Boubacar Traoré - Mariama (flac  248mb)

01 Mariama Kaba 5:39
02 Benidiagnamogo 7:06
03 Mantjini 6:30
04 Diarabi 5:30
05 Kele 6:16
06 Kayes-Ba 6:39
07 Khobe Na Touma 6:14
08 Pierrette 4:13

Boubacar Traoré - Mariama  (ogg 100mb)

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A nice album from one of the original Malian bluesmen -- the great Boubacar Traoré The style is vaguely similar to other Malian bluesers such as Ali Farka Touré: a relatively stripped-down format with little to no accompaniment. The accompaniment on the album comes from a calabash (gourd used as percussion). The combination of his voice and tender picking style leads to a rather sentimental mood for a few of the works, and the faster ones have more of that reminiscent John Lee Hooker/Ali Farka Touré style. The main difference is in the vocal abilities -- Boubacar is actually singing, much more than the others; melody is important to the vocal section of the songs. For fans of African blues, this would be a definite pick. For newcomers, it might not be a bad introduction at all, though more of an easing in could perhaps be found in Taj Mahal's efforts with Toumani Diabate.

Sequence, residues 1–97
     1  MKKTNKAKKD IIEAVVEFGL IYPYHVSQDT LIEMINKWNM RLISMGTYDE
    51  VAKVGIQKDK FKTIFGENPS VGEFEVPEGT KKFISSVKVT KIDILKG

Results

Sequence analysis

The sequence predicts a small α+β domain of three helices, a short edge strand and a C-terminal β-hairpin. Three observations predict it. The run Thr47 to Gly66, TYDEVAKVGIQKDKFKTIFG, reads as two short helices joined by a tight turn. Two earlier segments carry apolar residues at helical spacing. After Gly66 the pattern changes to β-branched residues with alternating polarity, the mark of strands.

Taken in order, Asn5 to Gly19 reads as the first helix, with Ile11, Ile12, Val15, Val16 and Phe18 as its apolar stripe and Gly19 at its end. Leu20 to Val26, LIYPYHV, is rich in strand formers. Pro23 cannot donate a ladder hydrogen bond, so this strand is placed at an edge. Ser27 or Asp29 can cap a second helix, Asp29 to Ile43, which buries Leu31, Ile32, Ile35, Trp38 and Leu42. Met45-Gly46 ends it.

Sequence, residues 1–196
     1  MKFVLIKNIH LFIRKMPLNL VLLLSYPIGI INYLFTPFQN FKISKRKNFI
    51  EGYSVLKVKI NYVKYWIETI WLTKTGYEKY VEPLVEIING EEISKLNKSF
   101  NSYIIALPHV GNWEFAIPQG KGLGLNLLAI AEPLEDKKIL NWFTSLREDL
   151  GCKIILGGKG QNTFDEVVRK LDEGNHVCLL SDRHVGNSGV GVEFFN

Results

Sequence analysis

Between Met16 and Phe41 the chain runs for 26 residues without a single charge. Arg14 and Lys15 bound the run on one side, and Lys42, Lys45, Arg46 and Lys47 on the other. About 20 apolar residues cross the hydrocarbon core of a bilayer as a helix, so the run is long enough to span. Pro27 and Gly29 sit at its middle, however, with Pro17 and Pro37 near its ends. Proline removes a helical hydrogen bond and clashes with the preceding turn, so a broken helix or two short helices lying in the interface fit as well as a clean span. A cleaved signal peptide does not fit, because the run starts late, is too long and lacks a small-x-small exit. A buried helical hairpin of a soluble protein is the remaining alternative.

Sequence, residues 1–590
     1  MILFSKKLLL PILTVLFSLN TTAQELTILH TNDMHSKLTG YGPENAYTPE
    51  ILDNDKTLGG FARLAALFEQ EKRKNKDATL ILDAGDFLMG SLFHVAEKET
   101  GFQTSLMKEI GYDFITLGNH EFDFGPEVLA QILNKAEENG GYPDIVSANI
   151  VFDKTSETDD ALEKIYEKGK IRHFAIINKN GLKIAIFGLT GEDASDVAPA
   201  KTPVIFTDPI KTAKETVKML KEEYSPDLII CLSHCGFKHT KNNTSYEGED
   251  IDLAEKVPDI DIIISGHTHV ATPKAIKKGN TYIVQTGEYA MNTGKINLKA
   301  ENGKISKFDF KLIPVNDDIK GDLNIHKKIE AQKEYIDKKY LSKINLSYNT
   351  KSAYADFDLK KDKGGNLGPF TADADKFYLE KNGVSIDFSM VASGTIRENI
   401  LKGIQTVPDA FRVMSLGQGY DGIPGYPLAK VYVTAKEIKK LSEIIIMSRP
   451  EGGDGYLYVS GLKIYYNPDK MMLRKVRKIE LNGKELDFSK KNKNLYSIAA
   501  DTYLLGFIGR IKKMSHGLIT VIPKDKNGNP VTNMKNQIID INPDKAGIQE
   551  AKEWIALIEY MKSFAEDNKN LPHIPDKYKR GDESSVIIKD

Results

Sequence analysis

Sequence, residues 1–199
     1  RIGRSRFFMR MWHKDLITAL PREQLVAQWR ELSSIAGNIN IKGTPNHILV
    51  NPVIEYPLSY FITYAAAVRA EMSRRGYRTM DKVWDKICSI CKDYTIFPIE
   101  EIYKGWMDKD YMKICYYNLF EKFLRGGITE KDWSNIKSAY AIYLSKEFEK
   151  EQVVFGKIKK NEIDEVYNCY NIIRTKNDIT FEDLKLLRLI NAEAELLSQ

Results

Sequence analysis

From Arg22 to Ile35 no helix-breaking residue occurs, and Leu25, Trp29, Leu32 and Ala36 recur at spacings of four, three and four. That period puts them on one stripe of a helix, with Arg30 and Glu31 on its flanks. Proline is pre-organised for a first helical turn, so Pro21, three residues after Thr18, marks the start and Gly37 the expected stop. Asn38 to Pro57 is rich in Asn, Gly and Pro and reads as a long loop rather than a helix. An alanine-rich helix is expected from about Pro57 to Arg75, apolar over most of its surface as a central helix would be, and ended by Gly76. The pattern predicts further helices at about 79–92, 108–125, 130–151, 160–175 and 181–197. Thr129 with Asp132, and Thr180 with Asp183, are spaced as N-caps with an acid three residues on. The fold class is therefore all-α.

Boubacar Traore - Sa Golo (flac 287mb)

01 Sa Golo 4:28
02 Mouso Teke Soma Ye 6:14
03 Yafa Ma 5:14
04 Dounia 6:33
05 Le Jour Du Trente Et Un 4:56
06 Ntaara Diagnamogo Fe 6:09
07 Ala Ta Deye Tignaye 5:12
08 Je Chanterai Pour Toi 5:57
09 Soundiata 6:09

Boubacar Traore - Sa Golo (ogg 128mb)

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Boubacar Traoré  (known also as Kar Kar) is a master of the singular, bluesy Malian style. Loping, gentle grooves with subtle polyrhythms run through these very personal songs delivered in Traoré 's plaintive, rugged tenor. The title track is particularly powerful, interweaving his love for his brother with his respect for General Soumare, one of the leaders of Mali independence. A moving work.

Boubacar Traoré - Maciré   (flac  301mb)

01 Duna Ma Yelema 3:53
02 Baba Drame 4:33
03 Les Enfants de Pierrette 5:39
04 Samba 3:06
05 Bebe Bo Nadero 4:32
06 Tunga Magni 5:13
07 Courir un Homme Qui Vous Aime 3:47
08 Macire 4:49
09 Serrer la Main 4:19
10 Kalilou 4:36
11 Solo de Kar Kar 3:15
12 Kar Kar Madison 5:39

Boubacar Traoré - Maciré  (ogg 125mb)